Human Subject Research:   PIs should consult  updated guidance  for changes to research involving human subjects. Research activities must follow IRB policies for changes in operation of research facilities. The IRB should be notified of any changes to procedures that were not part of the initial approved protocol. Screening of subjects for   clinical research  should incorporate the following new inquiries: i) Ask if subjects hae been tested for coronavirus and/or antibodies, and the results of these tests, ii) Ask for any current symptoms of fever, cough, fatigue, shortness of breath, sore throat, headache or body aches, and iii) Ask for any contact with known COVID-19 cases or with individuals with the symptoms above. Exclude subjects from participation/screening/visit to research facilities, if answer is yes to ii and iii. For i, include only if evidence supports immune status (subject to further guidelines from either the CDC or local health authorities).

For   non-clinical research, subjects must be interviewed by phone or sent an on-line questionnaire/survey in order to avoid direct interactions. Consent can be mailed to the individual or can be part of the on-line questionnaire/survey. If subjects need to be screened, phone or email (written) screening can be performed without having actual interaction with the individual. In studies where there is direct interaction with the individual, videotaping or observation through a two-way window is preferable. Direct interaction where no indirect alternatives with subjects are available, must follow the precautions listed above.

Animal Research:  PIs should consult updated guidance for changes to research involving animals (provide link). PIs should outline procedures for coordinating and complying with DLAR procedures for return to research. Briefly,  i) the use of DLAR procedural space will be limited to ensure proper social distancing, ii) for procedures requiring two people that do not allow social distancing to be observed, proper PPE will be worn at all times, iii) orientation will be provided on-line instead of in-person and group training sessions will be replaced with one-on-one sessions with proper PPE worn, and iv) use of all equipment and special procedure areas will be prioritized according to the campus phasing plan.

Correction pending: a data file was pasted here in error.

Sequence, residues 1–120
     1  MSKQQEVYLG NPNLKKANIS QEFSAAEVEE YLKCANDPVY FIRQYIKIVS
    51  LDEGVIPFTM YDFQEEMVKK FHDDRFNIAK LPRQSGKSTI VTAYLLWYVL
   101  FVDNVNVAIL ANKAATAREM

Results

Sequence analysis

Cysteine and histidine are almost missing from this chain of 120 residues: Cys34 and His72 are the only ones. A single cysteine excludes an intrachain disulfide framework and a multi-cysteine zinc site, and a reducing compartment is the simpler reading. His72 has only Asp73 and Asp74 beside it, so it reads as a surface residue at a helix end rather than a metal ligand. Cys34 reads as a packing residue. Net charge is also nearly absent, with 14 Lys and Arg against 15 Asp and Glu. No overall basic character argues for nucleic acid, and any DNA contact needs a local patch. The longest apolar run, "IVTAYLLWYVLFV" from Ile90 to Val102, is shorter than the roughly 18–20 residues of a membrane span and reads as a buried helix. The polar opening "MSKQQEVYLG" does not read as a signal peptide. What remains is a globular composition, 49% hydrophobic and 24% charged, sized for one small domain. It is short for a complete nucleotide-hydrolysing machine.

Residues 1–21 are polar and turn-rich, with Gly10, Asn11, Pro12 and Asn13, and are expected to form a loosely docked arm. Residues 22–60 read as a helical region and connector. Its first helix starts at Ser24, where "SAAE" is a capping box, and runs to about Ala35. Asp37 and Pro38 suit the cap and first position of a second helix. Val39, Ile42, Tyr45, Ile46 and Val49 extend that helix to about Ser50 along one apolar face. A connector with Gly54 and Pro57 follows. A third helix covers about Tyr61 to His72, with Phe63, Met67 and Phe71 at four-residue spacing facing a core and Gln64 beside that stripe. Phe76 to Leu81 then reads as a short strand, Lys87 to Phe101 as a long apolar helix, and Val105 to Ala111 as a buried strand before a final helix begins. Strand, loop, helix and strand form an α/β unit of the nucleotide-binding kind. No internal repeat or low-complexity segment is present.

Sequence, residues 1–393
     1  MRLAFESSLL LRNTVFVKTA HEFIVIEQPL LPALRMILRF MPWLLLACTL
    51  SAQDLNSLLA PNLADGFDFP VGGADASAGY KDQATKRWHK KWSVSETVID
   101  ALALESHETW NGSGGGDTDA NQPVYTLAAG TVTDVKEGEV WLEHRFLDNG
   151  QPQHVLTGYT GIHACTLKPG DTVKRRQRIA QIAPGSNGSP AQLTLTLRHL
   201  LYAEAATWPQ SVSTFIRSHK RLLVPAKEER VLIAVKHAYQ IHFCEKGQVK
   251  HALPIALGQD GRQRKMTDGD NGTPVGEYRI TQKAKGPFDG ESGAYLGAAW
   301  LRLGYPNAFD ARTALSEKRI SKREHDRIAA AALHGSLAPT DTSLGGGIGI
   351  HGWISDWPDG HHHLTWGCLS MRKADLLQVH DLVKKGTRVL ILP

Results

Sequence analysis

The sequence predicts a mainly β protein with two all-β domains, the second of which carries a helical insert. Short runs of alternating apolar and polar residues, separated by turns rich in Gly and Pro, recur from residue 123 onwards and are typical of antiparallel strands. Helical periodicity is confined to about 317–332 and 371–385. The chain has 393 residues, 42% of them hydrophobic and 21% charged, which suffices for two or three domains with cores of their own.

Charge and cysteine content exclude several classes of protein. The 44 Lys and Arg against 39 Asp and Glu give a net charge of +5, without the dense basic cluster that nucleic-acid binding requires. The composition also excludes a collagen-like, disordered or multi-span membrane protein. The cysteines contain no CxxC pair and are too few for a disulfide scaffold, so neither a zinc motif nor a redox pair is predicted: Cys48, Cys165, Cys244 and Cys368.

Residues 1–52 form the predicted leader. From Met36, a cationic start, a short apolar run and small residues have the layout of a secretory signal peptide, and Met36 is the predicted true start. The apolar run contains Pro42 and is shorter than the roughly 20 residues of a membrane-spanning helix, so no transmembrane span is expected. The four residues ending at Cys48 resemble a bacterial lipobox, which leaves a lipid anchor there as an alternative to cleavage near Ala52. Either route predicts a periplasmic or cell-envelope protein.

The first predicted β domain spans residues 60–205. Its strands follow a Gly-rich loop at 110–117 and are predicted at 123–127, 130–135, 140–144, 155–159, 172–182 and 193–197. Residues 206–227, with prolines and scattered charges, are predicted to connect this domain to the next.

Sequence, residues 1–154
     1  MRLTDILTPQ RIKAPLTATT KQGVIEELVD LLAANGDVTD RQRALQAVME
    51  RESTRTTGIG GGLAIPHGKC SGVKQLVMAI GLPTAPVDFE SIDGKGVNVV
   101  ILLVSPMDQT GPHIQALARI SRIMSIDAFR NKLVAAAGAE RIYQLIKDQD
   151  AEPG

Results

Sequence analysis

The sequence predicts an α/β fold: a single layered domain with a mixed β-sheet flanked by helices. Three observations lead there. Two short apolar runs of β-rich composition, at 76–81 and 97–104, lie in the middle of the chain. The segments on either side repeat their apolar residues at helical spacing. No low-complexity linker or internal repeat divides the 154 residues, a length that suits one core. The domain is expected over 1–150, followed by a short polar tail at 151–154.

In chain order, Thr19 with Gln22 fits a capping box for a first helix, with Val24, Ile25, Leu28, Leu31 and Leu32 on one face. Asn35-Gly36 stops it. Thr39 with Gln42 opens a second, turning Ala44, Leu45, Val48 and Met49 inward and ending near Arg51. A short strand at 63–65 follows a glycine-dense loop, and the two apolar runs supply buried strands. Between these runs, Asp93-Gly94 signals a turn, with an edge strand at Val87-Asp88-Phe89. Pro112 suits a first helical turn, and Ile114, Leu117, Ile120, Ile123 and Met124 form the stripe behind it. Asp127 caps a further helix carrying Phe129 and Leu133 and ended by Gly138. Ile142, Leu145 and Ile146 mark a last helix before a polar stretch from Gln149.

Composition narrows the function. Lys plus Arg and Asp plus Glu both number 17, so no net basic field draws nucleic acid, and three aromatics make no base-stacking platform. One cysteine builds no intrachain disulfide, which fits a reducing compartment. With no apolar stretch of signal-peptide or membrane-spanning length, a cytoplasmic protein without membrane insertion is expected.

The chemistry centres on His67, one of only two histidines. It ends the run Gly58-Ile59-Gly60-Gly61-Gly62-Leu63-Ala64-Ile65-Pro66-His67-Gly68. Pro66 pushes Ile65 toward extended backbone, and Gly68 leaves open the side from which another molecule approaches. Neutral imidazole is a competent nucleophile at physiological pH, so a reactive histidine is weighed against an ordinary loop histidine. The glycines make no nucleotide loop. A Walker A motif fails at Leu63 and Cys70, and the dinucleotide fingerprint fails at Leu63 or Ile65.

Field and Off-Campus Research:  PIs conducting field or off-site research should follow the same process outlined for lab spaces, accounting for the particular aspects of the off-site activities.  Additional guidelines for hazardous activities (e.g., SCUBA diving) will also apply as appropriate to ensure personal safety.   During all aspects of operations, social distancing must be maintained unless appropriate PPE are employed. It must be recognized that the 6’ distance is generally specified for indoor, land-based conditions. In a windy and moisture-laden environment such as on a boat, downwind positions require greater distancing. Social distancing applies to all activities, including transportation to and from the site, as well as sample work-up and storage. Food and liquids must be separately maintained and handled for and by each member of the field team. Operational planning, briefing, and communications should be conducted prior to departing for the field site.  A responsible party not associated with the research trip must be made aware of the full details of the plan, including departure and return ETAs.  For individuals conducting approved fieldwork alone, a responsible party must be made aware of the full details, including times of departure, return and receive periodic check-in calls at agreed upon times. All shared vehicles, vessels and equipment, must be properly disinfected according to CDC procedures before and after use by the person using it. Field work involving travel outside of New York State must comply with all local safety recommendations pertaining to mode of travel, registration with local authorities, and quarantines as appropriate, and ensure adequate supplies of all necessary safety equipment, including PPE prior to departure.  Out-of-state travel must be pre-approved by the Department Chair, Dean, and/or relevant supervisor.  Research to be conducted at remote facilities must operate in accordance the safety protocols in place for that institution in addition to protocols stipulated in this plan, whichever is more protective.